HealthSex & Sexuality “Middle class morality dictates the conversations around sexuality in India”: Vidya Reddy

“Middle class morality dictates the conversations around sexuality in India”: Vidya Reddy

There is an evolving capacity in every child that we refuse to acknowledge. It means that every child has a different level of capacity based on their environment, culture and life experiences. Therefore, their understanding of problems, need for protection and decision-making capabilities differ accordingly. We consider this evolving capacity only when it suits us. We do not want to address a child’s right to decision making and accessing information based on their own capacities.

Sexuality among children and adolescents is often ignored in our country and although studies have proven the need for comprehensive sexuality education, our leaders and educators still scoff at the idea and it seems like a far cry for our children and adolescents.

The few conversations around adolescents that do come up are more often about a juvenile caught in a case of sexual violence. But, the laws related to children and adolescents are very confusing and inconsistent. The Protection of Child from Sexual Offences (POCSO) Act says that all sexual activity under the age of 18 is criminalized and the Prohibition of Child Marriages Act 2006 says that a girl has to be 18 years of age to be married. However, an exception under Sec 375 of the Indian Penal Code says that sexual assault within marriages will only be considered rape if the girl is below 15 years of age.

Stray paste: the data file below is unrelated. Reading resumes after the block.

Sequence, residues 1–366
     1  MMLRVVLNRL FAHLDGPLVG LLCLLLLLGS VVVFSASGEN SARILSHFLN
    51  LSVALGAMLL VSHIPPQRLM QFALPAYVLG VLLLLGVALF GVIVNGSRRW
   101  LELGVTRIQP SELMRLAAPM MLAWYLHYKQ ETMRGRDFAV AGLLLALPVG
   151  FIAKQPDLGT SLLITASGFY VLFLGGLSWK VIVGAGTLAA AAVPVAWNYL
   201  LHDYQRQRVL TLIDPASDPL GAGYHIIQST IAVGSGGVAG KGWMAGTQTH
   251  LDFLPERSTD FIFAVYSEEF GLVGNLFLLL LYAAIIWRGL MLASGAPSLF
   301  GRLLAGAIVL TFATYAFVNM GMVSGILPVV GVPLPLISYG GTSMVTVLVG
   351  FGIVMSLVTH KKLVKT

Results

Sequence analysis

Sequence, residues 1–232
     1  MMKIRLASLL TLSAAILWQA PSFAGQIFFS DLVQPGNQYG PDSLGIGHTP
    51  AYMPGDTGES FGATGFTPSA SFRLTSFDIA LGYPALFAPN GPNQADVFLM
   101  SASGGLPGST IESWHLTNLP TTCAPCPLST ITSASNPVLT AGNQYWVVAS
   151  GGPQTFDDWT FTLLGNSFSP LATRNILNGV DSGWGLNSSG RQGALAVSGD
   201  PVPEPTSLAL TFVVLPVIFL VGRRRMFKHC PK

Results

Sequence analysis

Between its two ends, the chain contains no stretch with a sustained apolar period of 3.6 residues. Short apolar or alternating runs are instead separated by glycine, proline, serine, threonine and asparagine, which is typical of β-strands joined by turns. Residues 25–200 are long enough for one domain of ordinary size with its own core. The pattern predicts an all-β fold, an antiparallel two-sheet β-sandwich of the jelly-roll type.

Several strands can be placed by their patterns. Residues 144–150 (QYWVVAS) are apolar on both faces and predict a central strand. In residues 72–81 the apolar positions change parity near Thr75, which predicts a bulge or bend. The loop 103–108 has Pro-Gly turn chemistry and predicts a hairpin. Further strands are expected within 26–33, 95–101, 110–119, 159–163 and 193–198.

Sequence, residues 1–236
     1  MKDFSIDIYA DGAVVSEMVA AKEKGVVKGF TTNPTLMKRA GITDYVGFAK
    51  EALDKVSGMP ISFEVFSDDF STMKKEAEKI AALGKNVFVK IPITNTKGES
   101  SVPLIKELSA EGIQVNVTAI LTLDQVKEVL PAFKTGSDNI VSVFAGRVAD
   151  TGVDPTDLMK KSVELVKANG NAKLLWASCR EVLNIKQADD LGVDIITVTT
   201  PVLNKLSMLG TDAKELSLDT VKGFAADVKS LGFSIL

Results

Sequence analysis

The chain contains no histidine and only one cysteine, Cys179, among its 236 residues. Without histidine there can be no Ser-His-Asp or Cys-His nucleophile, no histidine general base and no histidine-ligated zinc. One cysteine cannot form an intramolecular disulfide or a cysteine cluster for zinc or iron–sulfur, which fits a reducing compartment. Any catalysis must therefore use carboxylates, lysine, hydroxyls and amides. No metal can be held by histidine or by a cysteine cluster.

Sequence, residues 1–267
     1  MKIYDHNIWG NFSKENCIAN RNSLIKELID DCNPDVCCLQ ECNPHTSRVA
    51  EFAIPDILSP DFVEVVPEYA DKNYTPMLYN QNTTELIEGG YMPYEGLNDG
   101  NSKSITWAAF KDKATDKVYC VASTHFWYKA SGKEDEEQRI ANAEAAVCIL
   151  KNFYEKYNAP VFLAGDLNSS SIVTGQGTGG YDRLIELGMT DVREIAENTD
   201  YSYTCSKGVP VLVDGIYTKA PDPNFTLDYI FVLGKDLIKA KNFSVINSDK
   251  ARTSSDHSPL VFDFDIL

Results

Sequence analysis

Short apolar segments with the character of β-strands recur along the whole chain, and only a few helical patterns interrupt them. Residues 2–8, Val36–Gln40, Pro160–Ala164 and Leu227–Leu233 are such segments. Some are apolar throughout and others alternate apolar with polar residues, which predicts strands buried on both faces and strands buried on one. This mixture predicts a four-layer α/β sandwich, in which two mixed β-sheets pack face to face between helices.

But, children from the age of 16 could be tried as adults for heinous crimes and recently, according to the draft bill on Medical Treatment of Terminally Ill patients, a terminally ill 16-year-old is competent enough to decide on whether to continue treatment or let nature takes its course.  The age of voting for all individuals is 18 years of age, while the legal age for consuming alcohol varies from state to state and sometimes goes all the way up to 25-years of age.

So, I chatted with Vidya Reddy, co-founder of Tulir (Centre for Prevention and Healing of Child Sexual Abuse) to understand how we should address adolescents, their sexuality and their relationships. Vidya helped me understand where the problems lie and how we have been constantly glossing over them as a society.

Here is a snapshot of our chat.

How do you define or differentiate between children, minors and adolescents? Legally, the age is differently defined based on various laws. What do you think is appropriate?